Speed of ntp convergence - NTP

This is a discussion on Speed of ntp convergence - NTP ; Hal Murray wrote: >>Note, if you are running gps, why have a poll level 6? The recommendation >>for ref- clocks is poll level 4? > > Where/who does that recommendation come from? I don't have seen this recommendation on the ...

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Thread: Speed of ntp convergence

  1. Re: Speed of ntp convergence

    Hal Murray wrote:
    >>Note, if you are running gps, why have a poll level 6? The recommendation
    >>for ref- clocks is poll level 4?

    >
    > Where/who does that recommendation come from?


    I don't have seen this recommendation on the internet, but from our
    experience with the devices we sell initial convergence against a built-in
    refclock is indeed very much faster if the poll intervall is clamped down
    to 4.

    Martin
    --
    Martin Burnicki

    Meinberg Funkuhren
    Bad Pyrmont
    Germany

  2. Re: Speed of ntp convergence

    Martin Burnicki wrote:
    > David J Taylor wrote:

    []
    > As mentioned in another reply, AFAIR older versions of the NTP daemon
    > did converge quite a bit faster than recent versions.

    []
    >> version="ntpd 4.2.0-a Sun May 8 06:01:21 UTC 2005 (1)"

    >
    > Now the question is how a recent version of ntpd would converge on
    > this machine.
    >
    > Martin


    An intersting point, Martin. As it took about 5 hours overnight to
    re-compile the kernel on that system, and as I know very little of
    FreeBSD, I am unlikely to change it in the near future. Particularly if
    it's worse!

    What I would actually like to have is a small PC (perhaps even an adapted
    router or something like that) which had a serial port and Ethernet port
    so that I could retire the Pentium 133MHz system for good. Something like
    the ASUS displayless EEE box:

    http://www.asus.com/products.aspx?l1...89&modelmenu=1

    Cheers,
    David


  3. Re: Speed of ntp convergence

    The key seems to be the lines:

    etemp = min(mu, (u_long)ULOGTOD(sys_poll));
    dtemp = 4 * CLOCK_PLL * ULOGTOD(sys_poll);
    plladj = fp_offset * etemp / (dtemp * dtemp);

    Ie if we assume that the etemp is determined by the poll interval, we have
    plladj=fp_offset /(16*CLOCK_PLL^2*(Sys poll time)

    That is a huge time scale. Surely CLOCK_PLL should only come in there to
    the first power (at most), not squared.






    Unruh writes:

    >Just another data point on the behaviour of ntp. My ntp went down ( due to
    >something removing the ntp user from the password file). When I brought it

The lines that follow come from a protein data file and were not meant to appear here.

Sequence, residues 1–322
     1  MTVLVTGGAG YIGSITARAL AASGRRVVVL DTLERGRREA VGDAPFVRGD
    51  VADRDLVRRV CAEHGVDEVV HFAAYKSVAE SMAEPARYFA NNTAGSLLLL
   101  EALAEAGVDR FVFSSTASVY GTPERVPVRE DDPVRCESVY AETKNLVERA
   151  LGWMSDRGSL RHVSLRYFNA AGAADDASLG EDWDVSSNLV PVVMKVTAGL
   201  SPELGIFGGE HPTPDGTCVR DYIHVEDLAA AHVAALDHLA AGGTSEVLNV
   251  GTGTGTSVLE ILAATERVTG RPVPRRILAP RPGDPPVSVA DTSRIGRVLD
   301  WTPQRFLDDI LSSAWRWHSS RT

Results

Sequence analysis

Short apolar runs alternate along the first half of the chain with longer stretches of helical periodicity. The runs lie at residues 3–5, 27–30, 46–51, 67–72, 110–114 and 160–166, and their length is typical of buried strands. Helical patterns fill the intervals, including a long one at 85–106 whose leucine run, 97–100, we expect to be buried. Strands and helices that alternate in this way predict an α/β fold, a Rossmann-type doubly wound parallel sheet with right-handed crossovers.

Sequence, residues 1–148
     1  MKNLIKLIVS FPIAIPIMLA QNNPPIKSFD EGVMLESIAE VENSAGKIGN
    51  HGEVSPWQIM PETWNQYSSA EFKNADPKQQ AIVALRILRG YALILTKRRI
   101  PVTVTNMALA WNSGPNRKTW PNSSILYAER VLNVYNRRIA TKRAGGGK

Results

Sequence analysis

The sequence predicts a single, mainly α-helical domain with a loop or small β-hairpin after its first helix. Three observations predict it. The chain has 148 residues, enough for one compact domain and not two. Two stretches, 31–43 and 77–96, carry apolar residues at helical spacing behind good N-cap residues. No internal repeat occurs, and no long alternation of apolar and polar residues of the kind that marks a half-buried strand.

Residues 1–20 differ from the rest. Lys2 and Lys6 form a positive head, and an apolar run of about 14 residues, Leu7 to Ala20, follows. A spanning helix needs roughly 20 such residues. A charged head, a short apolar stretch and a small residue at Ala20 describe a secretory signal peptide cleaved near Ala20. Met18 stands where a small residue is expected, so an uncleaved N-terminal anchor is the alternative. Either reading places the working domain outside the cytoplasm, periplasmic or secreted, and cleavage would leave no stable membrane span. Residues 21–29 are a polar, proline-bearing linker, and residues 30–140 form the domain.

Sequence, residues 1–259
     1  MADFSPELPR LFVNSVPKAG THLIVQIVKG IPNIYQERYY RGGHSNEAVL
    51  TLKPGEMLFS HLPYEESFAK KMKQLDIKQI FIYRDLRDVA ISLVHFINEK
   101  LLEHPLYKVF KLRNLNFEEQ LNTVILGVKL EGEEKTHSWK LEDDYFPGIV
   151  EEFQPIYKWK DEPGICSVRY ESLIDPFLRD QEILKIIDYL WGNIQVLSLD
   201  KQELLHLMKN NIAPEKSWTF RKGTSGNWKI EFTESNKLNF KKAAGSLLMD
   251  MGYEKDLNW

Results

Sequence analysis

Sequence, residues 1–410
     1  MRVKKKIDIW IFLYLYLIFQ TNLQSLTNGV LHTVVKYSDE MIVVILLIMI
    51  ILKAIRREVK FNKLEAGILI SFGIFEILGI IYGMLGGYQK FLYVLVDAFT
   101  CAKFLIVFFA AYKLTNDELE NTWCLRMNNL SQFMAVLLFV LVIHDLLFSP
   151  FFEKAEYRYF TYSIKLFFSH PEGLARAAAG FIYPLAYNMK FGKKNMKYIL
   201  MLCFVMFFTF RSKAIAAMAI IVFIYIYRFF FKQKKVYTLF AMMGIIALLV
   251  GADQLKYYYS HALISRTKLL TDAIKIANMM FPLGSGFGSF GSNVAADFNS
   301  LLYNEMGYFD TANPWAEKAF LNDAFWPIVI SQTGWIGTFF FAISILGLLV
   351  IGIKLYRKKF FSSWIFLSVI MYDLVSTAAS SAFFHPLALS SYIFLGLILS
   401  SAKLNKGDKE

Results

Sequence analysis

>back up again, the time was out and I think the drift file was out.
    >I have three sources-- a stratum 2 nearby server, a distant stratum 1 server and
    >a gps refclock with a PPS. The PPS is setup to drive the refclock_shm driver.
    >The refclock has a poll of 4 (pollinterval of 16), and both the other are
    >default ( minref 6 maxref 10)
    >I brought the system back up at 54770 78683.101 (the ntp log file date and
    >time) The way the PPS works is that it waits about 5 min until it is sure
    >that ntp has the time from the other servers to within 250ms. It then
    >switches on the shm driver. The refclock started out with an offset of
    >about 150ms , which increased to 280ms and was eventually (about 6 min later) reset to zero offset
    >because I was running with the -g for ntp.


    >This was also the point at which the PPS shm kicked in.
    >However the drift rate was clearly off, because the offset then gradually
    >increased until at 82555 (3878 sec after the start or about 1hr) it was 52ms off (the
    >maximum offset) . By the end of the day ( 86400
    >or about 7700sec or 2 hrs) it was still 19ms offset from the PPS zero time.


    >An hour later, it was still 7ms off, another hour, 2.6ms and another hour
    >later, still 1.2 ms off. Ie, only after about 6 hours was it within a ms of
    >the correct time. Now, usually this PPS controls the time to within about
    >2us (not ms, usec) but it is apparently going to take over 10 hours to get
    >there. That is of course completely rediculous.


    >The shm poll interval is 16 sec and even if ntp throws away 7/8 that would
    >give a max time between data points of about 128sec or 2 min. Thus ntp should
    >have a time constant of about 4 min. Instead the time constant is about an
    >hour. It would seem that the time constant is selected as far longer than
    >the longest poll inteval. ( the poll interval during this time on the other
    >two source was 64 sec, or poll interval of 6).


    > Within the first minute, I could by hand
    >determine the offset and slope of the CPU clock to withing a few usec not
    >msec or tens of msec. and the slope to better than 1PPM.


    >But never mind my concern about the markovian system feedback system ntp
    >uses. That argument I am sure everyone is tired of. What concerns me is
    >the long (1hr) time constant of the feedback loop, about 200 times longer
    >than the poll interval. Ie, it does not seem to me that ntp is fulfilling
    >its design criteria.



    >Here after 5.5 hours after startup is the ouput of ntpq -p


    >string[root]>ntpq -p
    > remote refid st t when poll reach delay offset jitter
    >================================================== ============================
    >+tick.usask.ca .GPS. 1 u 18 64 377 44.925 1.455 4.252
    >+ntp.ubc.ca 140.142.16.34 2 u 44 64 343 0.672 0.260 0.767
    >*SHM(0) .PPS. 0 l 1 16 377 0.000 1.136 0.023





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